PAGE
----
Salaries / Hiring
Committees in both houses of the N.J. Legislature recommend approval of increases in state judges' salaries that would bring them close to those of their federal counterparts.
The New Jersey agency charged with recommending compensation rates for public officials says state judges should be paid on a par with their federal counterparts and be given periodic cost-of-living adjustments.
Women who make partner or achieve other senior positions at the country's largest firms make 11 percent less than their male peers, says a survey by the National Association of Women Lawyers.
Chief Justice Stuart Rabner tells a N.J. commission charged with reviewing state officials' salaries that state trial judges should be paid the same as their federal counterparts and receive annual cost of living increases.
Starting in January, first-year associates at McCarter & English will earn $135,000, an 8 percent increase over their current salary.
New Jersey's largest law firms this year made incremental improvements in ethnic and gender diversity among their partner and associate ranks, an annual Law Journal survey finds.
Part-time schedules, once seen as sops to lawyers with child-rearing obligations, are taking on new dimensions as New Jersey law firms strive to attract associates with staying power.
Firm hiring partners and the job candidates they interview who have transactional, in-house experience seldom discuss in detail the additional skills the candidate has acquired as a result of working in-house. They should; both sides would do better in the recruiting process.
Law firms continue experimenting with technology and new summer associate program models to enhance recruitment, and an edgy new recruitment Web site adds entertainment to the mix.
Fox Rothschild announced last week that its starting salaries will stay at $125,000 this year, the same as in 2006, demonstrating to corporate clients its commitment to holding down costs.
Law firms are blaming market demands for the latest round of associate salary raises, but they may have discounted an important factor in their decisions to boost pay - the client.
The billable hour: demanding, disparaged and now dead - at least at one Atlanta-based law firm.
U.S. district judges make less than newly minted lawyers at many of New Jersey's top law firms and it's time they got a meaningful pay raise, according to federal lawyers at those same top firms.
More women are becoming general counsels at Fortune 500 companies in New Jersey.A survey of legal departments at 24 such companies here finds that eight - or 33 percent - of GCs are women, the highest percentage in the country.
Increasing pressures to match the pay offered elsewhere have impelled some New Jersey firms to a midyear hike, a sampling of large New Jersey law offices shows.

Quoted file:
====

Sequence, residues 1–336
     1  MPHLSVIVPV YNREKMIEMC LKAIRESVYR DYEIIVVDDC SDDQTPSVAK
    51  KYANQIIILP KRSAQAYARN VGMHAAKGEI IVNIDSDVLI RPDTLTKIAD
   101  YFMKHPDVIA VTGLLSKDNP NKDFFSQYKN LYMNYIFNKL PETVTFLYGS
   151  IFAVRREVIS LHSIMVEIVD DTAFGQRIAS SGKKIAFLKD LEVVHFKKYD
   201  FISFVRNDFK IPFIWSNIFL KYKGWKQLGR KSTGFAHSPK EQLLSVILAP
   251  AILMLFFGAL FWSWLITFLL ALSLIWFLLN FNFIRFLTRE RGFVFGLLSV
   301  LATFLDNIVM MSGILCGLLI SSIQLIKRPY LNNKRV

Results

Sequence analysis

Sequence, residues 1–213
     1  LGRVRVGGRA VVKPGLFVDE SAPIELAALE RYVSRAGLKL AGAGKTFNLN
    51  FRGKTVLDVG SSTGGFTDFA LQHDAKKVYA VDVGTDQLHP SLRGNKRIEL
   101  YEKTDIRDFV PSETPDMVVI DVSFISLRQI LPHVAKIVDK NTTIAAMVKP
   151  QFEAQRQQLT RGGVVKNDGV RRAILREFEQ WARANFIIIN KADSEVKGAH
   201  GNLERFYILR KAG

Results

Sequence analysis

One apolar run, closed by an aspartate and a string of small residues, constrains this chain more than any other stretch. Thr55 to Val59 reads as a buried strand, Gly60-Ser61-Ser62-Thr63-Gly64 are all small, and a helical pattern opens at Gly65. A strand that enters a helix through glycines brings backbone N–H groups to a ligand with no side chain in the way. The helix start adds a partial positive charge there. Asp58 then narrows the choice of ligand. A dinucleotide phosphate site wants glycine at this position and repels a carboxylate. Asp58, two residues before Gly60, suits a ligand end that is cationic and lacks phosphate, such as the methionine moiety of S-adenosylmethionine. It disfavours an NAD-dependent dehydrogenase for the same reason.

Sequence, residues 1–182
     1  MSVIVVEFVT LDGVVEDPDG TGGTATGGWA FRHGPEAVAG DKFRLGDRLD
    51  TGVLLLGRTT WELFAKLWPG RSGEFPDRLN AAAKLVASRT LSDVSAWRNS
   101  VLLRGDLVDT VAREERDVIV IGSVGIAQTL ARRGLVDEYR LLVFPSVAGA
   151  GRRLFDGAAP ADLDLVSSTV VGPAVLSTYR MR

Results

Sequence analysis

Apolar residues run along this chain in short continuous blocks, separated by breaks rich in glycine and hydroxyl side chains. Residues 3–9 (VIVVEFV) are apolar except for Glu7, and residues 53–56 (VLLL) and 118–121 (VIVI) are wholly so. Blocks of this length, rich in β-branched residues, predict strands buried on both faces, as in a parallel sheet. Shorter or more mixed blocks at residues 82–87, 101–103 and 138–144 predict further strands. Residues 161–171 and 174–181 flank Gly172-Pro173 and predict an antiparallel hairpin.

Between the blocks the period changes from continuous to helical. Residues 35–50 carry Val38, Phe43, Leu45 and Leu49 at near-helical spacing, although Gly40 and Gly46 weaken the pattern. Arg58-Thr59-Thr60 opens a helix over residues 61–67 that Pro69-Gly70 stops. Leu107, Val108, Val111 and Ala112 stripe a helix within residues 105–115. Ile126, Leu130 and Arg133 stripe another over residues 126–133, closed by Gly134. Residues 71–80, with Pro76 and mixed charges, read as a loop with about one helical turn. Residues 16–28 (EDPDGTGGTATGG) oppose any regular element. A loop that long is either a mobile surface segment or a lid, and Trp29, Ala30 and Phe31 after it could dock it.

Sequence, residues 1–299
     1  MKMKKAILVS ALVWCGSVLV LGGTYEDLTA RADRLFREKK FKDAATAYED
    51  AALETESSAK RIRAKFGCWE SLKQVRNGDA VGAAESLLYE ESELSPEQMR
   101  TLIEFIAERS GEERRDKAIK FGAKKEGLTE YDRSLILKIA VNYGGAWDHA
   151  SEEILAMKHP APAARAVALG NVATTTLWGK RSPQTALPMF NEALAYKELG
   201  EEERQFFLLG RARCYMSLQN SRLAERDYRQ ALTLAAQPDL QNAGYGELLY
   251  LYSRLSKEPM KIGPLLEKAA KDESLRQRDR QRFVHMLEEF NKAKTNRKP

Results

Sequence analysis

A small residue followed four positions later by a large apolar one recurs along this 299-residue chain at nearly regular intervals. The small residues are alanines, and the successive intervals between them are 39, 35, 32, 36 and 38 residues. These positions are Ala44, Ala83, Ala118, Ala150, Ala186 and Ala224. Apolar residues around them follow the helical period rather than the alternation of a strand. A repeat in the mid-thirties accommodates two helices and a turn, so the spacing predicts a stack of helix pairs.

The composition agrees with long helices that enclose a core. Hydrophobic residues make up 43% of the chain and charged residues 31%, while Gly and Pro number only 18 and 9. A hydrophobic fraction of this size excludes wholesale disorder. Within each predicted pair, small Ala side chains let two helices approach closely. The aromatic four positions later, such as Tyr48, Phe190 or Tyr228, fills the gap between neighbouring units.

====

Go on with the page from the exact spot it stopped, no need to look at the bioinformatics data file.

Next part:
Lowenstein Sandler broke from the pack of New Jersey's home-grown firms Thursday and announced it would pay first-year associates $140,000 next year, a $15,000 increase.
New Jersey's bellwether firms are willing to pay more than last year for summer clerks who may ripen into permanent hires.
Working as a New Jersey deputy attorney general doesn't pay much - $55,945, compared with six figures in the private sector - but the benefits are terrific. The intangible benefits, that is.
New Jersey's large firms are hiring larger classes of new associates and boosting first-year salaries by more than 10 percent, a Law Journal survey finds.
Firms in New Jersey have begun to catch the wave of salary hikes that began Jan. 22 when New York's Simpson Thacher & Bartlett raised first-year associate pay to $160,000.
Northern New Jersey firms are among the most bottom-heavy with associates in the nation, with a higher lawyer-to-partner ratio than any region except New York City and San Jose, Calif., a recent survey shows.
New Jersey corporations tie executive bonuses to overall company performance, and it's paying off for their top legal officers.
Public employers are hopelessly outmatched by private firms in pay offers to recent law graduates, both nationally and regionally, a new survey reports. But salaries for New Jersey prosecutors, public defenders and legal services lawyers are higher than the national and Northeastern averages.
Though the dust has scarcely settled in this year's law-firm salary derby, the 2007 race is already heating up. Gibbons, Del Deo, Dolan, Griffinger & Vecchione is raising its first-year associate salaries to $120,000, effective Jan. 1, at its Newark and New York offices. The action comes a month after Roseland's Lowenstein Sandler announced plans to hike first-year associate compensation to $125,000 on Jan. 1.
Paralegals in New Jersey earn markedly less than their counterparts in other parts of the country, according to a new survey of paralegal compensation.
First-year associate salaries at New Jersey firms continue to climb, with six major firms announcing increases in recent weeks. The latest hikes push this fall's entry-level salaries to an average $108,141 - an 8.9 percent hike over last year's average of $99,302.
This special section takes a closer look at summer associate programs. Although the total number of summer associates hired remained virtually flat, this year?s crop is greener, with New Jersey firms recruiting more first-year students. A survey of 21 firms revealed the highest weekly salary for a summer associate at a New Jersey-based firm is $2,100 a week.
While nonequity partnership has transformed the former "up or out" construct at law firms, it is still primarily a bridge to full partnership rather than a final destination, according to a management consultant's survey.
New Jersey's big firms bumped up their first-year associate salaries markedly this year to keep pace with - or at least within sight of - soaring increases by Philadelphia and New York firms.